Nicholas Grey has sustained a keen interest in occupational health and safety throughout his working life. In his retirement, he has written a book of tribute to Bernadino Ramazzini. The book is entitled Letters from Ramazzini and will be launched on the 300th Anniversary of his death: 5th November 2014. (see re-blogged article below).

UnknownBernardino Ramazzini was born in Capri on 3rd November 1633. He studied medicine at the University of Padua where his interest in worked-related diseases started to develop. In his late 40s, he was appointed to the Chair of Theory of Medicine at the University of Modena (1682) and later served as Professor of Medicine at the University of Padua from 1700 until his death on the 5th November 1714 in Padua.

On his appointment to the University of Modena, Ramazzini began his seminal study of workers’ health problems in a systematic and scholarly way (Gochfeld, 2005). He visited workplaces, observed workers’ activities and discussed their illnesses with them. The medicine courses that he taught reflected this interest and were dedicated to the diseases of workers (Franco and Franco, 2001).

Ramazzini systematized the existing knowledge on work-related diseases and made a large personal contribution to the field by publishing his own observations in De Morbis Artificum Diatriba ~ Diseases of Workers. The first edition was published in 1700 in Modena and the second in 1713 in Padua. Both editions were written in Latin.

imagesEach chapter of the De Morbis Artificum Diatriba contained a description of the disease associated with a particular work activity (or occupation) followed by analysis of the existing writings, a description of the place of work, questions to be put to the workers, descriptions of the disease, suggested remedies and advice. He covered 52 occupations. Significantly, Ramazzini realised that not all workers’ diseases were attributable to the physico-chemical work environment observing that a number of the common diseases suffered by workers appeared to be caused by prolonged, violent, and irregular motions and prolonged postures.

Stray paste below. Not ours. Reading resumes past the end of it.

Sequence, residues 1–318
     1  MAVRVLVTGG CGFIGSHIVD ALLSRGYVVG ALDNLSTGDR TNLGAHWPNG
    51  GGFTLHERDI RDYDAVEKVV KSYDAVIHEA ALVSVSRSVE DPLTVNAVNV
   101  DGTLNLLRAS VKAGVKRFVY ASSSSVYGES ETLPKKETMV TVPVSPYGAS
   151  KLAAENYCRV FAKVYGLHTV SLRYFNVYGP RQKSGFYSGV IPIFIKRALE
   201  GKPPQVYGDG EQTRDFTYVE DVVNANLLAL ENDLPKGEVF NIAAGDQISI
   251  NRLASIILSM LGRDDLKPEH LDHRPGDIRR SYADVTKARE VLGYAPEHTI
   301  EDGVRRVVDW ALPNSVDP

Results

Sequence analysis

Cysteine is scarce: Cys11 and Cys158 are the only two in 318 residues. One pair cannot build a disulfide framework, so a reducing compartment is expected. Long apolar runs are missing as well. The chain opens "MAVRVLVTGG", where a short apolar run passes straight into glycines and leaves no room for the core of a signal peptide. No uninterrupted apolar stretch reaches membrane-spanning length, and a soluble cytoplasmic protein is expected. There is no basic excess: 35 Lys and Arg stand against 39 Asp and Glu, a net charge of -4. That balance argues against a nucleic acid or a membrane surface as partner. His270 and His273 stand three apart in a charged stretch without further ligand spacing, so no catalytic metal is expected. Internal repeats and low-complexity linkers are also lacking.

Ramazzini proposed that his fellow physicians should extend the list of questions that Hippocrates recommended they ask their patients by adding “What is your occupation?” (Gochfeld, 2005; Rom, 1983).

 Largely on the basis of this work, Ramazzini is now often called “the father of occupational medicine” (Gochfeld, 2005; Franco and Franco, 2001; Rosen, 1993). Felton (1997) has argued that although Ramazzini’s the seminal work first appeared in 1700, it was through the English translation by Wilmer Cave Wright in 1940 and the subsequent scholarship of Pericle Di Pietro of Modena that it became widely known in the Western medical community.

Interestingly, in 1713, Ramazzini suggested that nuns developed breast cancer at a higher rate than married women because they did not engage in sexual intercourse and the “unnatural” lack of sexual activity caused instability of the breast tissues that sometimes developed into breast cancer (Olson, 2002).


Gochfeld, M. (2005) Chronologic history of occupational medicine. Journal of Occupational and Environmental Medicine, 47, 96–114.
Felton, J.S. (1997) The heritage of Bernardino Ramazzini. Occupational Medicine, 47, 167-179.
Franco, G. and Franco, F. (2001) Bernardino Ramazzini: The Father of Occupational Medicine American Journal of Public Health, 91, 1382.
Rom W.N. (1983) The discipline of environmental and occupational medicine. In: Rom WN (ed) Environmental and Occupational Medicine. Boston: Little Brown & Co.
Rosen G. (1993) A History of Public Health. Baltimore: The Johns Hopkins University Press.
Olson, J.S. (2002) Bathsheba’s Breast: Women, Cancer & History. Baltimore: The Johns Hopkins University Press.



Nicholas Grey has sustained a vital interest in Occupational Health and Safety throughout his working life. So it is not surprising that in retirement he chose to write a book of tribute to Bernadino Ramazzini, the pioneering Italian physician who defined the field of Occupational Medicine.

The original text, in Latin, The Diseases of Working People was a groundbreaking text, addressed to physicians and asking them to consider the working life of their patients in making diagnoses and offering cures, remedies and means to ameliorate further harm caused in the workplace.

Nicholas Grey has now re-written this work in English iambic pentameter verse. It addresses workers as well as physicians. The collection concerns over fifty traditional fields of work characteristic of life in the 18thCentury. He is hoping this easily readable book will give more people access to this still valuable insight into the history of Occupational Health and Safety…

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